After Hiking Visit Fee, UP Limits Number Of Hours You Can Spend At Taj Mahal
After raising the entry fee for the 17-century monument built by Mughal emperor Shah Jahan in the memory of his wife Mumtaz Mahal in February this year, the Uttar Pradesh government has now set a timelimit for visitors — you could stay in the premises only for three hours after bying the ticket. Earlier, the state government had announced its plan to charge a fee of Rs 200 for a visit to the main mausoleum of the heritage site.
What is the state doing to protect the Taj?
On February 13, the state government announced its plan to charge Rs 200 charge for those wishing to see the main mausoleum of the heritage site—currently, there is no separate fee for entry to the main mausoleum, where lie the graves of Shah Jahan and Mumtaz Mahal. The entry fee has been raised to Rs 50 from Rs 40. The decision comes into effect from April 1.
According to the UP Culture Minister Mahesh Sharma, the move will help "preserve the Taj Mahal", and be instrumental in better crowd management.
According to the minister, the National Environmental Engineering Research Institute had recommended reduction in footfall for the protection of the Taj.
Since foreign visitors have to pay Rs 1,250 for an entry into the Taj, special arrangements have been made for them now. They will have separate queues and separate toilets. Also, a corridor will be built for them from the Agra railway station to the Taj to ensure easy transit.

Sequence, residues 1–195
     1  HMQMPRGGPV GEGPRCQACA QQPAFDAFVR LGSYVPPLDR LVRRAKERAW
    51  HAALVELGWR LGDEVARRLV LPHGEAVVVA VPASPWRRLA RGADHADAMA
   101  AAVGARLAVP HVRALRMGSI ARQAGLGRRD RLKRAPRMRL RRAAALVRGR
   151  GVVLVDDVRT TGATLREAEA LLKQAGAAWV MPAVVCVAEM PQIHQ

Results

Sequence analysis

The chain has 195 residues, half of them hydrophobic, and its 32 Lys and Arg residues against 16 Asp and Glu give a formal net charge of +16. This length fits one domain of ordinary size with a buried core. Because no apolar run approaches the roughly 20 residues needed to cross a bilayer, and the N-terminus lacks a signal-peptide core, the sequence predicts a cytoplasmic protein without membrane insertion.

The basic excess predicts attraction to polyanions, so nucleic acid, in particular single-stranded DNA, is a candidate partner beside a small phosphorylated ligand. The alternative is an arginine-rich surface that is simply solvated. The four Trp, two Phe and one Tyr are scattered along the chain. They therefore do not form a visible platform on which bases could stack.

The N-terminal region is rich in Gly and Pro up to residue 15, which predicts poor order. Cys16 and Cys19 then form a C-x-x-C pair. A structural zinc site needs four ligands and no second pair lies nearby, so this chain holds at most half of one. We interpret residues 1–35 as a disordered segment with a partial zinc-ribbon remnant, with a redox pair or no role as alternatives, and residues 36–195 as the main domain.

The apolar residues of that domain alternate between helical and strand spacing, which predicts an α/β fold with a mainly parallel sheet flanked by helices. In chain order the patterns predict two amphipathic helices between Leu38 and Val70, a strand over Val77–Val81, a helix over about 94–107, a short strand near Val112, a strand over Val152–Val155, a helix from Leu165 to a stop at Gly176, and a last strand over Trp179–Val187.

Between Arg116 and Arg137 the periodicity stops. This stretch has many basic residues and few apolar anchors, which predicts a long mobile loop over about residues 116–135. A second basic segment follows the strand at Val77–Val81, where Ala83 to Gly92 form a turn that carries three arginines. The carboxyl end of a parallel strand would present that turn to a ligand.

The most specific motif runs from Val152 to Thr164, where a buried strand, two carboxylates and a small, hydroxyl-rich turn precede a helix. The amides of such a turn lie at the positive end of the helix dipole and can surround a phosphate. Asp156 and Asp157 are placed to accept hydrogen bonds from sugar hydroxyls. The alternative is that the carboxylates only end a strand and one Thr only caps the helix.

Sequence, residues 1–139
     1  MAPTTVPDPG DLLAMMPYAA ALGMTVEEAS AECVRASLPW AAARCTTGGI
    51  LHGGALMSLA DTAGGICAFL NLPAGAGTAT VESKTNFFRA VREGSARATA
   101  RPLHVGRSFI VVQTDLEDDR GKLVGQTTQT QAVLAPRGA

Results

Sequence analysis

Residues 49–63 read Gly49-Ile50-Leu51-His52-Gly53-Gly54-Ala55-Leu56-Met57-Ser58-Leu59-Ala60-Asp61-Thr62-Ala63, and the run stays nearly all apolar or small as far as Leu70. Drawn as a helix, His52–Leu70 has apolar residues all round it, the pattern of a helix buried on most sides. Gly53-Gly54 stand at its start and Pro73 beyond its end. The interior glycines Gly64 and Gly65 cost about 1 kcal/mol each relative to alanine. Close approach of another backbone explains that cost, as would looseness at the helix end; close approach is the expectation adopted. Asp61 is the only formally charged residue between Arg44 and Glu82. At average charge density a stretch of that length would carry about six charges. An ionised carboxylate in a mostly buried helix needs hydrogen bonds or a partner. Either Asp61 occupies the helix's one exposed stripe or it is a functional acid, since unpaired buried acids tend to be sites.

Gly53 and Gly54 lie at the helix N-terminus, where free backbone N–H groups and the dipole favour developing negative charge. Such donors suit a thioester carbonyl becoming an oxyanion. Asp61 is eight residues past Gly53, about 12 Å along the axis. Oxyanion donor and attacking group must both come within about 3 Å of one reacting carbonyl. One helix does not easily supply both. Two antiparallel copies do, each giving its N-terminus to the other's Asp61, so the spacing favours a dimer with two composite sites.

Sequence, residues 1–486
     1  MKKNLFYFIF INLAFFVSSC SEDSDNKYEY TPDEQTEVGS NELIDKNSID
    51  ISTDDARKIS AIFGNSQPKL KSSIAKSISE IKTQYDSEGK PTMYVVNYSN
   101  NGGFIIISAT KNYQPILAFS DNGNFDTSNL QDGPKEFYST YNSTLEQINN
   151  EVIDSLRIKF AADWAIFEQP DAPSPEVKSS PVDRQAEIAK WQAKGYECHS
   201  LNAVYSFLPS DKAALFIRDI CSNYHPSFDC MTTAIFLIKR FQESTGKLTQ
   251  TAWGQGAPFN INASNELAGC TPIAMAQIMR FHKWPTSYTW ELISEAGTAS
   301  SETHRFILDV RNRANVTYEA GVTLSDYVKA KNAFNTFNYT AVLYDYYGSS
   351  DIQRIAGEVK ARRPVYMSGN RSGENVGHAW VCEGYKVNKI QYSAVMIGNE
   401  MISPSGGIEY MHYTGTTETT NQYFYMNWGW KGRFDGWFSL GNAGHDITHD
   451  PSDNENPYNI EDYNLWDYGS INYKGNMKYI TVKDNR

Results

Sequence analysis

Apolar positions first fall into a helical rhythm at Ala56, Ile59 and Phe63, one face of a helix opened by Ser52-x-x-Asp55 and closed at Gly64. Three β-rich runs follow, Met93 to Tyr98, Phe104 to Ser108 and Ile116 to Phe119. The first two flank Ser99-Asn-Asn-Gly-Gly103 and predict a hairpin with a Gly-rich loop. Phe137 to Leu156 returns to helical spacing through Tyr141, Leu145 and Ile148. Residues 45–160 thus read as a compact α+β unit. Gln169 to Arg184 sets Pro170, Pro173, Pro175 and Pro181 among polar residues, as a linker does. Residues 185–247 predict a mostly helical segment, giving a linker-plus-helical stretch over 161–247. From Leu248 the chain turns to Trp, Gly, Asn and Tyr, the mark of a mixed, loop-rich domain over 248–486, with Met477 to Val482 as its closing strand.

Steps are also being taken to ensure travellers are not subjected to harassment in the hands of touts. In the words of the minister himself, tourists, domestic as well as foreign, “are ambushed at the railway station itself and the harassment continues during their stay in the city”.
"We are exploring how we can bring this culture of touts to an end by bringing them under the ambit of serious offences and organised crime so that they can be booked accordingly… These touts are a menace," the minister said.
The railway station is also notorious for the squalor all around it.
“UP has a rich cultural history and many world-renowned tourist spots. But, assuming that people would jump right outside of, say, the Taj Mahal without noticing the squalor and dirt at the Agra Railway Station would be delusional,” Abha Narain Lambah, a conservation architect and head of Abha Narain Lambah Associates, had told the author of the article in an earlier interview.